Many parents acknowledge that teenagers are drinking, but most believe that the drinkers are other people’s children. However, the numbers prove that that hope is likely to be false. In Revere, Massachusetts, for example, surveys found that more than half of middle school students were drinkers. In response, community members invited EDC to help parents and others understand and reduce underage drinking.
The Power of KNOW campaign, developed by EDC’s Health and Human Development Programs (HHD) and funded by Partners Healthcare, debunks myths about underage drinking and enlists parents’ help to delay the age of first alcohol use, says HHD’s Diane Barry. The campaign encourages parents to ask their children who they’re with, what they’re doing, where they’re going, and when they will be home. Advertisements, town hall meetings, newspaper editorials, media, and community outreach initiatives all convey that message.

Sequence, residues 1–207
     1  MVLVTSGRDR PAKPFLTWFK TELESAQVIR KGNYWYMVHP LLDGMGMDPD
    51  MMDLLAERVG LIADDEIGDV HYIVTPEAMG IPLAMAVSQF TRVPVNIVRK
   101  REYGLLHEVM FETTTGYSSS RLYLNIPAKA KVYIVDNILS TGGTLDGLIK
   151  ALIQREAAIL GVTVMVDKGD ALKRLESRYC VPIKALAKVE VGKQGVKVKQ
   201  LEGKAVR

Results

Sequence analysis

The program has “brought the community together to give our youth a consistent message about the dangers and consequences of underage drinking,” says Kitty Bowman, coordinator of Revere CARES, a community coalition. In its next phase, the program will expand to new audiences, including parents of high schoolers and parents of new immigrants and Latino students.
Originally published on April 30, 2007